The poem, like man, does not have sufficient ground. (Therefore, its specific darkness, which has to be taken into account if the poem is to be understood as poem.
Maybe also: the poem has its ground in itself; with this ground it rests (see above) in the groundless.
Discontinuity of the poem
causa formalis immanent principle of form
causa materialis (entelechy)
the You of the poem = (infinitely) close and infinitely far (in space and time).
The poem has grounds — and it does not hide these grounds from us; the poem and the poem’s grounds however do not have sufficient ground, be it this one: the questioning of it.
The question of why this one but not that one writes poems, can hardly be answered by the one who writes poems, and that’s also why the question if there will be poems “tomorrow” remains open: it is thinkable that neither the one nor the other will undertake this. To this thought a fear can be added: the fear that both, the causa materialis and the causa formalis, may no longer be present in an altered genotype.
The question of contingency, again!
Why do the poems of earlier times seem more “comprehensible” to us than those of our contemporaries? Maybe also because as poems, i.e., taken together with their darkness, they have already evaporated…
from: Paul Celan: Memory Rose into Threshold Speech (Collected Earlier Poetry), translated by Pierre Joris and with commentaries by Pierre Joris and Barbara Wiedemann. (https://us.macmillan.com/books/9780374298371)
Nachts, wenn das Pendel der Liebe schwingt
zwischen Immer und Nie,
stößt dein Wort zu den Monden des Herzens
und dein gewitterhaft blaues
Aug reicht der Erde den Himmel.
Aus fernem, aus traumgeschwärztem
Hain weht uns an das Verhauchte,
und das Versäumte geht um, groß wie die Schemen der Zukunft.
Was sich nun senkt und hebt,
gilt dem zuinnerst Vergrabnen:
blind wie der Blick, den wir tauschen,
küßt es die Zeit auf den Mund.
At night, when the pendulum of love swings
between Always and Never,
your word accosts the moons of the heart
and your tempest-blue
eye hands heaven to the earth.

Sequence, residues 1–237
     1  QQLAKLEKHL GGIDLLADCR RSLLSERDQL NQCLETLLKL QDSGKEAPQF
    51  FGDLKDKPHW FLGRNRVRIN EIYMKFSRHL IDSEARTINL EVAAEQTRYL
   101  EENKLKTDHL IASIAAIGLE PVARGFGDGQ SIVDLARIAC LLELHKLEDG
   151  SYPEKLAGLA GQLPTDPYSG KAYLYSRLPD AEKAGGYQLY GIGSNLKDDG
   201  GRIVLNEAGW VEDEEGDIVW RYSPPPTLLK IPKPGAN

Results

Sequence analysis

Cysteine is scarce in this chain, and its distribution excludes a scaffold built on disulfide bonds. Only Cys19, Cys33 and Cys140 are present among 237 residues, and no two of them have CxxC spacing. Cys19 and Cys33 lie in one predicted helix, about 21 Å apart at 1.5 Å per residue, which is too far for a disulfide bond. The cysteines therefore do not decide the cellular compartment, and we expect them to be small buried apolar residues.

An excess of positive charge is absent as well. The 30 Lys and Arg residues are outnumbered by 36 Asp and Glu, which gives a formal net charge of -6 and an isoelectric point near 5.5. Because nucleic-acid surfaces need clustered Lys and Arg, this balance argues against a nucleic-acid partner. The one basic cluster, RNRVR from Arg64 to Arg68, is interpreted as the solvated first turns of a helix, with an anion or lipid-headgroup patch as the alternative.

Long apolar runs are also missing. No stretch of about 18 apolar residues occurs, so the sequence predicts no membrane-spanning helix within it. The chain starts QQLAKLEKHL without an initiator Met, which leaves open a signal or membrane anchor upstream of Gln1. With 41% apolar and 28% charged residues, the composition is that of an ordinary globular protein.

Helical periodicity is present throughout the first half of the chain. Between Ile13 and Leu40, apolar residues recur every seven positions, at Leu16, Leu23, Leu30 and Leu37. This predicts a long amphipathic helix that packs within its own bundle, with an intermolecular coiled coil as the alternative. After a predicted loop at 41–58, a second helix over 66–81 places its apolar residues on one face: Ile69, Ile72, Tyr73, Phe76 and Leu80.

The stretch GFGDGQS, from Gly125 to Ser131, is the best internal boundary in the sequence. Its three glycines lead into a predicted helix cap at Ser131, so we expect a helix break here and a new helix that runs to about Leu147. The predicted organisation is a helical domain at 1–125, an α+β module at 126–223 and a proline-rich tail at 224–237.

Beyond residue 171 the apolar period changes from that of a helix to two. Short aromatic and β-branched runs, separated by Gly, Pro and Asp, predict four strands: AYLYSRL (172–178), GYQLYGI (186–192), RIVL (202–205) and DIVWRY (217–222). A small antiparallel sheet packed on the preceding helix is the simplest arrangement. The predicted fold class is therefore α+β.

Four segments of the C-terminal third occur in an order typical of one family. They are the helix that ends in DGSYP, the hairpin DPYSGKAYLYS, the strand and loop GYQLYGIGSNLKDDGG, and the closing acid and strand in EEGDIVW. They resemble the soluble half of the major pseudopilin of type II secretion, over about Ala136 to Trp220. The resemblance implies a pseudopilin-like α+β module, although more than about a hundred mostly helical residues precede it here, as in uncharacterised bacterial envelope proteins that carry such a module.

From afar, from a dream-blackened
grove the exhaled wafts about us,
and what’s been neglected roams, large as future’s outlines.
What now sinks and rises,
is meant for what lies buried deep down:
blind like the gaze we exchange,
it kisses time on the mouth.
[Commentary: Nachts, wenn das Pendel | At night, when the pendulum
1949 (according to a letter of 8. 1. 1957 to Christine Brückner, ref. Badiou). One of the poems dedicated “f.D.” to Ingeborg Bachmann.]
Der Tauben weißeste flog auf: ich darf dich lieben!
Im leisen Fenster schwankt die leise Tür.
Der stille Baum trat in die stille Stube.
Du bist so nah, als weiltest du nicht hier.
Aus meiner Hand nimmst du die große Blume:
sie ist nicht weiß, nicht rot, nicht blau – doch nimmst du sie.
Wo sie nie war, da wird sie immer bleiben.
Wir waren nie, so bleiben wir bei ihr.
The whitest of doves took off: I may love you!
In the faint window sways the faint door.
The quiet tree stepped into the quiet parlor.
You’re so near, as if you didn’t dwell here.
From my hand you take the great flower:
It’s neither white nor red nor blue — yet you take it.
Where it never was, there it will forever be.
We never were, so we will be with it.
[Commentary: Der Tauben weißeste | The whitest of doves
Paris, 1950, before October. One of the poems dedicated “f.D.” to Ingeborg Bachmann. In an earlier edition BW had suggested that it was connected to the arrival “on 10. 14. 1950 of Ingeborg Bachmann in Paris for a long visit (from mid-October until December), to reconnect with the love affair of their Vienna days.”
5 f. From my hand you take the great flower: | It is neither white nor red nor blue] Cf title & v. 1 of “Errinerung an Frankreich |Remembrance of France;” blue, white & read are the French national colors, although not in the order the poem gives them.
8 Wir waren nie |We never were] Cf. marginal note “we never were” in Edmond Jabès’s Le Livre de Yukel next to: “ ‘Ce lieu est amour. Il est absence de lieu.’ Reb Zack” | “ ‘This place is love. It is the ansence of place.’ Rabbi Zack.”]
In Mundhöhe, fühlbar:
(Brauchst es, Licht, nicht zu suchen, bleibst
das Schneegarn, hältst
Berührt und Unberührt.
Beides spricht mit der Schuld von der Liebe,
beides will dasein und sterben.)